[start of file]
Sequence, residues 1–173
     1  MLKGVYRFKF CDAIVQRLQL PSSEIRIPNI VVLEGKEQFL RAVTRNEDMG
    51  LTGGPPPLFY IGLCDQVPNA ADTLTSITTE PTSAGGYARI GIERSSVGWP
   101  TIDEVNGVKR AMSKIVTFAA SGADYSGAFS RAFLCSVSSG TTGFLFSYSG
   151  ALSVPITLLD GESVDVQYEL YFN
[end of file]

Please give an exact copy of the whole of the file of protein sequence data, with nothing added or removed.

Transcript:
Sequence, residues 1–173
     1  MLKGVYRFKF CDAIVQRLQL PSSEIRIPNI VVLEGKEQFL RAVTRNEDMG
    51  LTGGPPPLFY IGLCDQVPNA ADTLTSITTE PTSAGGYARI GIERSSVGWP
   101  TIDEVNGVKR AMSKIVTFAA SGADYSGAFS RAFLCSVSSG TTGFLFSYSG
   151  ALSVPITLLD GESVDVQYEL YFN